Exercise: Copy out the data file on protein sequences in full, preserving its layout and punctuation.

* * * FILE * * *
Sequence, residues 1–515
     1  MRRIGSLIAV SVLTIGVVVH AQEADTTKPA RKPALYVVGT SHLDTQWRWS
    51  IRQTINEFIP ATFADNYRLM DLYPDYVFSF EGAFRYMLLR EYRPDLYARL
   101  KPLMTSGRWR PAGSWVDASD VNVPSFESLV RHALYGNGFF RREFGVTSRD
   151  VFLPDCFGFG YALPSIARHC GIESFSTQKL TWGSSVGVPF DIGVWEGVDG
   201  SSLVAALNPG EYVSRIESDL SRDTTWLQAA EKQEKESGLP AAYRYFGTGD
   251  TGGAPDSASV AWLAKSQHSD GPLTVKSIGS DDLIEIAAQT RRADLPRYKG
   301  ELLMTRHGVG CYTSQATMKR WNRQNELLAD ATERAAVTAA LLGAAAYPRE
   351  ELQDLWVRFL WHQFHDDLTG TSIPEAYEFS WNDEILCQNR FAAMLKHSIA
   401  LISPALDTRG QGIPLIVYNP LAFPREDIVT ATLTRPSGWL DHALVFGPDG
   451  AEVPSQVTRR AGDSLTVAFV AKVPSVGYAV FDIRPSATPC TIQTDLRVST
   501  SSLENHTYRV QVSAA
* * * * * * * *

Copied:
Sequence, residues 1–515
     1  MRRIGSLIAV SVLTIGVVVH AQEADTTKPA RKPALYVVGT SHLDTQWRWS
    51  IRQTINEFIP ATFADNYRLM DLYPDYVFSF EGAFRYMLLR EYRPDLYARL
   101  KPLMTSGRWR PAGSWVDASD VNVPSFESLV RHALYGNGFF RREFGVTSRD
   151  VFLPDCFGFG YALPSIARHC GIESFSTQKL TWGSSVGVPF DIGVWEGVDG
   201  SSLVAALNPG EYVSRIESDL SRDTTWLQAA EKQEKESGLP AAYRYFGTGD
   251  TGGAPDSASV AWLAKSQHSD GPLTVKSIGS DDLIEIAAQT RRADLPRYKG
   301  ELLMTRHGVG CYTSQATMKR WNRQNELLAD ATERAAVTAA LLGAAAYPRE
   351  ELQDLWVRFL WHQFHDDLTG TSIPEAYEFS WNDEILCQNR FAAMLKHSIA
   401  LISPALDTRG QGIPLIVYNP LAFPREDIVT ATLTRPSGWL DHALVFGPDG
   451  AEVPSQVTRR AGDSLTVAFV AKVPSVGYAV FDIRPSATPC TIQTDLRVST
   501  SSLENHTYRV QVSAA